September 10, 2004


My twin sister converted to Catholicism just after we turned 50. We were raised Unitarian, so her change of heart shocked me, even though some years ago I�d been baptized by total immersion in the Baptist church and a year later switched to the nearby Episcopal church, where I was confirmed. As someone once remarked, I was climbing the liturgical ladder with each change of affiliation.

But this was different. No way could I go Catholic, or as Carolyn puts it, �all the way,� not in a million years.

Those are the facts. What follows is partly fiction, lies if you will, like Reagan�s that Iran-Contra never happened or President Clinton swearing he didn�t have an affair with �that woman.� But like a novelist, that most able of prevaricators, I lie in order to tell another truth.

The first truth is that Catholics scare me. I don�t mean child molesting priests or those nuns who rule by ruler, but ordinary Catholic church-goers. Their rituals scare me, too, how they finger beads and genuflect, or that mysterious cross they sketch across their chests. Maybe I just want them to be like me, someone who harbors the secret urge to stand behind a congregation and yell, �Fuck God!�

I want to bring them to their senses, but maybe, as Lynnie says, I simply don�t understand.

When Lynnie converted, though, I thought she�d lost her mind. I hoped she was just trying it on, like a new pair of earrings or blond hair. But no, there she was, suddenly a stranger. I hated the crucifix she displayed around her neck, the way she spoke so casually of attending the 5:00 pm "mass" on Saturday night and most of all her talk of Christ, instead of plain old Jesus, the �good man� we were taught about in Sunday school.

So what did I do? I gave her a Bible. I thought if she read St. Paul it would change her mind. Bring her back to a way of thinking I could understand. Instead, she read it, and then read it some more.

I hated her, finally. I stopped speaking to her and refused to take her phone calls. I avoided visiting our parents when I knew she�d be there. Mocking her to my agnostic friends, I called her new faith a cult. There was nothing she could do to please me. The problem was, I wanted my sister back, sane and reasonable, and the Catholics had stolen her, just as Gypsies were supposed to do to little children, in the dead of night. At Easter time two years ago, she went all the way without warning me.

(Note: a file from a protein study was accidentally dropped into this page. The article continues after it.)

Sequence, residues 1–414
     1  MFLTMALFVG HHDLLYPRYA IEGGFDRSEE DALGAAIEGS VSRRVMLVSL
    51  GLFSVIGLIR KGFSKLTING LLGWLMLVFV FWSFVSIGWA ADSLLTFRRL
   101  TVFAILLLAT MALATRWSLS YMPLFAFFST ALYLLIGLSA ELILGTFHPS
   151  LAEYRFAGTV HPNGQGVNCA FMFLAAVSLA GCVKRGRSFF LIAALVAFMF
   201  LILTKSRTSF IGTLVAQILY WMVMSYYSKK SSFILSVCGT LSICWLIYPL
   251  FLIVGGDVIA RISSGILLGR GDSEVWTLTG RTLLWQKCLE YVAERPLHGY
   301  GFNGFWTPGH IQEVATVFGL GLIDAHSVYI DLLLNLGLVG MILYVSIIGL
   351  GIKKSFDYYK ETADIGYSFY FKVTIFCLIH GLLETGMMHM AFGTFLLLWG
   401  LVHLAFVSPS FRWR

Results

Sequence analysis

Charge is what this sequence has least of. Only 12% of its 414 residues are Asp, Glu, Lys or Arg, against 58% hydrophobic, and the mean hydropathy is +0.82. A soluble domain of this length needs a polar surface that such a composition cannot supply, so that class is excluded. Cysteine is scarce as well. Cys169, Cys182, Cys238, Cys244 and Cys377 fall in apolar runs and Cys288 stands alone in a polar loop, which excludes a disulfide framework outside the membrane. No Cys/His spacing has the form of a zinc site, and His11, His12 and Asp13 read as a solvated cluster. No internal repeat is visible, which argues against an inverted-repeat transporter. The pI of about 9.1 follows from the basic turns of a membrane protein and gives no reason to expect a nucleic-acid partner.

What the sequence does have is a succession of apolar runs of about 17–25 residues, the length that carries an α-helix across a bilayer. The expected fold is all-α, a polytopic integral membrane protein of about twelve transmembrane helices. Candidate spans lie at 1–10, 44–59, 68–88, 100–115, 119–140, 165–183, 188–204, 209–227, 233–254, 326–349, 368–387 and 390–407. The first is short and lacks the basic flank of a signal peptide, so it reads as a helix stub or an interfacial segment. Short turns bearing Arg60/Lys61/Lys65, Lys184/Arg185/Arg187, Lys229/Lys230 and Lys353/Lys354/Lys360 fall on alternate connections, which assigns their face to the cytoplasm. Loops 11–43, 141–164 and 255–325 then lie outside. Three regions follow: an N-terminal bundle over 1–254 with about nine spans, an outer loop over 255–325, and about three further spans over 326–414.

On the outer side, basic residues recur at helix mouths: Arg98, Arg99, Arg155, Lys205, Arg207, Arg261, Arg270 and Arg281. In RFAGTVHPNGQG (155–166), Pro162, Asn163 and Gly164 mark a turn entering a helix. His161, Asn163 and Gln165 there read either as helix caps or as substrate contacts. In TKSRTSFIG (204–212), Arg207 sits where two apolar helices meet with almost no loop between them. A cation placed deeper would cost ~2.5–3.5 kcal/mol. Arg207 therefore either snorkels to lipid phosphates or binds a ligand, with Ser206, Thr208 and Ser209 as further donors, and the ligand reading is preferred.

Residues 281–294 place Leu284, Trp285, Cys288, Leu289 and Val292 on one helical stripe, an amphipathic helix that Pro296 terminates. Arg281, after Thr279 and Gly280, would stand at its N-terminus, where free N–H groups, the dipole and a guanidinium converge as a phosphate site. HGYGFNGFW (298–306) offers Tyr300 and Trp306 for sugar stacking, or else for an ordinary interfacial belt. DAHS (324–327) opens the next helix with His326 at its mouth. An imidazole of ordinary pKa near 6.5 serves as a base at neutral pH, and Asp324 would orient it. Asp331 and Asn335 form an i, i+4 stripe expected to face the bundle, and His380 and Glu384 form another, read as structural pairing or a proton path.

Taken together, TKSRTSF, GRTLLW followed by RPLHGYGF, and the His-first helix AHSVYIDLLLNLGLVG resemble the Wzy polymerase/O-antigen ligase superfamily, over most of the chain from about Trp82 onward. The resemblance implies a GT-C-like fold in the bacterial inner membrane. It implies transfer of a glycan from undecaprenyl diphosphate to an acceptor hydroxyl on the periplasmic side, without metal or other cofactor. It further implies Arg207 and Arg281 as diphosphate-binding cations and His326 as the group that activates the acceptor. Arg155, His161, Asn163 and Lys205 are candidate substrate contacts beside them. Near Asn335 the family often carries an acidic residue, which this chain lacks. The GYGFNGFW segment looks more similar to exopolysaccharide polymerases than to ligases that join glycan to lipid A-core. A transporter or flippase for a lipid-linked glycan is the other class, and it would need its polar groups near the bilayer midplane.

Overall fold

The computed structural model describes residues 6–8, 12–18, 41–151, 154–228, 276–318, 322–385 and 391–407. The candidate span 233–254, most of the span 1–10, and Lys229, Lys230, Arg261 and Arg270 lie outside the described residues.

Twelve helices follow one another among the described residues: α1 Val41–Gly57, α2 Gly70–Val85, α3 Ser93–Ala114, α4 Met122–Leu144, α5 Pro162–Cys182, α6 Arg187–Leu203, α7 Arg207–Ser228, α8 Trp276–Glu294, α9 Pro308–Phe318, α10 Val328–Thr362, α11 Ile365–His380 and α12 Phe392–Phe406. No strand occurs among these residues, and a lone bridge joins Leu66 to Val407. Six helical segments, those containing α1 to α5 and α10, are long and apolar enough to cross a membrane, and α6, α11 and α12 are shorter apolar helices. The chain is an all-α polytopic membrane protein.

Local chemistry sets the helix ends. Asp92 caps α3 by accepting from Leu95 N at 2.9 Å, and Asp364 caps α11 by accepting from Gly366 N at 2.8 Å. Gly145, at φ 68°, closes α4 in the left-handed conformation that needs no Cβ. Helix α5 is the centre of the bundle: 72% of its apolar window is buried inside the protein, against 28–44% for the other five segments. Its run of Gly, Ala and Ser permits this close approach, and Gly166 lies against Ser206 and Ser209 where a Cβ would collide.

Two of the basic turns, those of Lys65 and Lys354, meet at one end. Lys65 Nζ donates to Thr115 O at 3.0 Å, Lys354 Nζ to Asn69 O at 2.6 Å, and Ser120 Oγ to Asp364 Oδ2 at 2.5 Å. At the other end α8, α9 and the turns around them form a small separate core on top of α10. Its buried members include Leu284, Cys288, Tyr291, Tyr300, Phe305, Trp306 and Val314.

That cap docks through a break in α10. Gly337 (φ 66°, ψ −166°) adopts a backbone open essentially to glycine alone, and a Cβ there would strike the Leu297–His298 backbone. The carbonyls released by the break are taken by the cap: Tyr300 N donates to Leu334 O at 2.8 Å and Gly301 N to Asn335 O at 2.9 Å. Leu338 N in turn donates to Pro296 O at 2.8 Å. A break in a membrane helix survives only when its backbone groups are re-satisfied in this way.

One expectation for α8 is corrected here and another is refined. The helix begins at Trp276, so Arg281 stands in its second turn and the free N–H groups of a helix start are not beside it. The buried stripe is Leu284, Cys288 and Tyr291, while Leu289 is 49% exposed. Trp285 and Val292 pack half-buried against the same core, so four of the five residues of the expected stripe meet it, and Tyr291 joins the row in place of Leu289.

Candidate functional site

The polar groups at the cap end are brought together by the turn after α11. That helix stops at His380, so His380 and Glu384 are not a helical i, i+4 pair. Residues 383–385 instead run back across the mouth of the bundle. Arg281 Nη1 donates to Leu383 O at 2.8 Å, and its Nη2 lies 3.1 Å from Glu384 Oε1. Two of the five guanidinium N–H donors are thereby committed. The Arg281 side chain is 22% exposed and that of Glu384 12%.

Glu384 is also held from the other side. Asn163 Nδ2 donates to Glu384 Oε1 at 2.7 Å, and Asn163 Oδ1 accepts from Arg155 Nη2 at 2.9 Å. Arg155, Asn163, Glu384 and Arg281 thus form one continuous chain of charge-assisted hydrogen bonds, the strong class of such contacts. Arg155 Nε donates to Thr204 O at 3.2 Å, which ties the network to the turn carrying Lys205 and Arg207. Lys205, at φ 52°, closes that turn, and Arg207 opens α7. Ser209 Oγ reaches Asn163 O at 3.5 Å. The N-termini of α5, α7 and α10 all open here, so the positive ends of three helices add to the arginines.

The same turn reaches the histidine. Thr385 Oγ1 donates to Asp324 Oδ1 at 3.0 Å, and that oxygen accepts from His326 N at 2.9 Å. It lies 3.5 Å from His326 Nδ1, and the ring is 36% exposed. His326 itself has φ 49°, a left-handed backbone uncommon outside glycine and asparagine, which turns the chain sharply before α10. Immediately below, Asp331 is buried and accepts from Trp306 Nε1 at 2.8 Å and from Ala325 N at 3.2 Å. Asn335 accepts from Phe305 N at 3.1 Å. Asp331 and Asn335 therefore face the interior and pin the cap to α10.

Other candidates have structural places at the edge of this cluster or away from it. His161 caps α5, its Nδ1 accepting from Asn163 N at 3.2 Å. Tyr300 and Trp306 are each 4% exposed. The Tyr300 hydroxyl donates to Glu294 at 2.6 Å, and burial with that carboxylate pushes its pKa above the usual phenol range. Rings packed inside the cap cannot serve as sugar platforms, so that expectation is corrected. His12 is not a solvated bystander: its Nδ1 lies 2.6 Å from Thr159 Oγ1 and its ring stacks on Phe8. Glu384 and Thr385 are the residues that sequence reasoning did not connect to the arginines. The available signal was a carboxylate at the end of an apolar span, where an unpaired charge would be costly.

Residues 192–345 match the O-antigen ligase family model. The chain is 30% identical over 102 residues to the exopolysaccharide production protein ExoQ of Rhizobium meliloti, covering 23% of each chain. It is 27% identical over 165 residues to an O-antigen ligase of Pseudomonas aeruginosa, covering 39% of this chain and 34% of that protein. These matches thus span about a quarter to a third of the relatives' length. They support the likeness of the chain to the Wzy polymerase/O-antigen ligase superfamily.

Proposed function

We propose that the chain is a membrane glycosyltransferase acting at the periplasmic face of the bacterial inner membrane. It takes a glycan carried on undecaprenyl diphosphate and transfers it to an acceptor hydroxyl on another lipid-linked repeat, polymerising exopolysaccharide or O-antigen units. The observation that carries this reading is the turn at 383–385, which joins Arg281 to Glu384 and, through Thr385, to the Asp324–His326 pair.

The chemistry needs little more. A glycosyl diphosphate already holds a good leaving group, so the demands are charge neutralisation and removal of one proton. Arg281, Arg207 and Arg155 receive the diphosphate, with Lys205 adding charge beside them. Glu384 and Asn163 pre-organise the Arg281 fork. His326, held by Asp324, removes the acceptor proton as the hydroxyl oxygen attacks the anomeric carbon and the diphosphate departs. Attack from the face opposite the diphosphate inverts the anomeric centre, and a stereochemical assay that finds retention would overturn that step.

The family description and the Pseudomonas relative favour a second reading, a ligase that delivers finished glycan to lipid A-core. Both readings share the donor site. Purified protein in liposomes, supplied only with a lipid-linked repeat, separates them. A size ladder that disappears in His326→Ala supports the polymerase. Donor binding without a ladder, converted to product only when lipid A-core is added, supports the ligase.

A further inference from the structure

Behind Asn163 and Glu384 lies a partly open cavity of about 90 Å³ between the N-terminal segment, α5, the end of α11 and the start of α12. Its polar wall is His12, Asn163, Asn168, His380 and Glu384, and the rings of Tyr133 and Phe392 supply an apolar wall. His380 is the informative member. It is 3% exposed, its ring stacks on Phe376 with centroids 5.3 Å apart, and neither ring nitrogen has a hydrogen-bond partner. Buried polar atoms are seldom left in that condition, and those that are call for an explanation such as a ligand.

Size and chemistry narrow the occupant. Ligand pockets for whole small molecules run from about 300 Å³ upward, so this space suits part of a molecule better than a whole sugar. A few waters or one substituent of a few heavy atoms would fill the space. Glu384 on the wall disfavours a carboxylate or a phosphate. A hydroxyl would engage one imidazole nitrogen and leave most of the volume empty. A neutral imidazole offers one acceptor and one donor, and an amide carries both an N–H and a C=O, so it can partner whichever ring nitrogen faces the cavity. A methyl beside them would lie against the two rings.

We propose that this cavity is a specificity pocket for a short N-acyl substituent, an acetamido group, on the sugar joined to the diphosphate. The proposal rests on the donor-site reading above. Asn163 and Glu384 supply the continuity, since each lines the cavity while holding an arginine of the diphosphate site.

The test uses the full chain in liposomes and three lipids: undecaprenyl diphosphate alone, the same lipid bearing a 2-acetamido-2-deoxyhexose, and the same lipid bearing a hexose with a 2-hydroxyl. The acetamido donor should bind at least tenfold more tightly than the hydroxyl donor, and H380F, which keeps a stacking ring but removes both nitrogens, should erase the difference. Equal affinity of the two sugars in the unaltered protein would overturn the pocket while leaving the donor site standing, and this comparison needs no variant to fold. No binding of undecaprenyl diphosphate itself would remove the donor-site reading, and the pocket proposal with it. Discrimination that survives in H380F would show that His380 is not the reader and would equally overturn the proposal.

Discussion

I still haven�t quite adjusted. Oh, I listen patiently, and she does a tremendous job of explaining Christian, or Catholic, doctrine in a way I can both understand and appreciate, though I don�t know how truly doctrinaire it is, how orthodox. But her take on Mary and on the celibacy of priests and even of the continuation of a male-only clergy, makes a certain sense, even if fundamentally all these things horrify me.

But it has seemed to make her a better person, more patient, less materialistic (not that she was into things, particularly, before this) and kinder than she was, though she was already kind and empathic to a fault. It has also made her more self-aware, more self-critical and less willing to accept her faults and failings as simply �part of me and I can�t change it.� Of course, as her twin sister, I failed to see any faults to begin with, but she claims they do exist, in abundance.

But she is in some ways indeed a stranger. I can�t appreciate fully her devotion to the Church or her avid attendance either at mass or at more �extracurricular� church activities. It�s not that I�ve ever thought church should be restricted to a service on Sunday morning and a minor donation during the offering. But like George W. Bush�s poorly concealed efforts to join church and state by funding �faith-based� initiatives, I find Church-oriented pursuits suspect.

Just calling oneself and one�s behavior Christian, automatically, to my mind, makes one a hypocrite. For example, most of the so-called born-again Christians following the injunctions of "What Would Jesus Do?" claim to live by the slogan, cheap and facile as it is, yet don�t do anything of the sort: they are hateful and exclusive, self-righteous and self-congratulatory, eager to cast everyone who doesn�t believe exactly as they do and mouth it in precisely the same words into the outer darkness: �You�re not saved but I am, nyah, nyah, nyah!�

I believe there are truly Christian Christians, those who behave in ways that would make Jesus proud, and Lynnie may be one of them. I don�t know. I certainly support her efforts in that direction. But still, it sticks in my craw to acknowledge the words, �I am Christian,� coming out of her mouth. I find myself wanting to rejoin with all the sarcasm I can muster, �Sure, and Pope John Paul�s a Presbyterian.�

But in fact I'm mostly afraid, afraid I could go all the way too, afraid I could become a Catholic myself if ever she got her hands on me, got me where it hurts and hurts.

Posted by pamwagg at September 10, 2004 12:32 PM | TrackBack


Dear Madam,

I was born among catholics and they do scare me too.As medical doctor more and more I think about all non-moderate religious attitudes being signs of emotional or deeper psychiatric problems.How many wars there were and are within spiritual contest. Keep your healthy attitude up. Peter

Posted by: Peter R Swiecki at April 2, 2006 07:16 AM


Your thoughts on Christianity, religion and faith make me think of all the discussions I�ve had on the subject. I like the clarity you bring to the subject of faith. If everyone were as honest as you are maybe there wouldn�t be so many problems with it. Thank you for giving me another look at it.


Posted by: Moeder at September 12, 2004 09:23 AM

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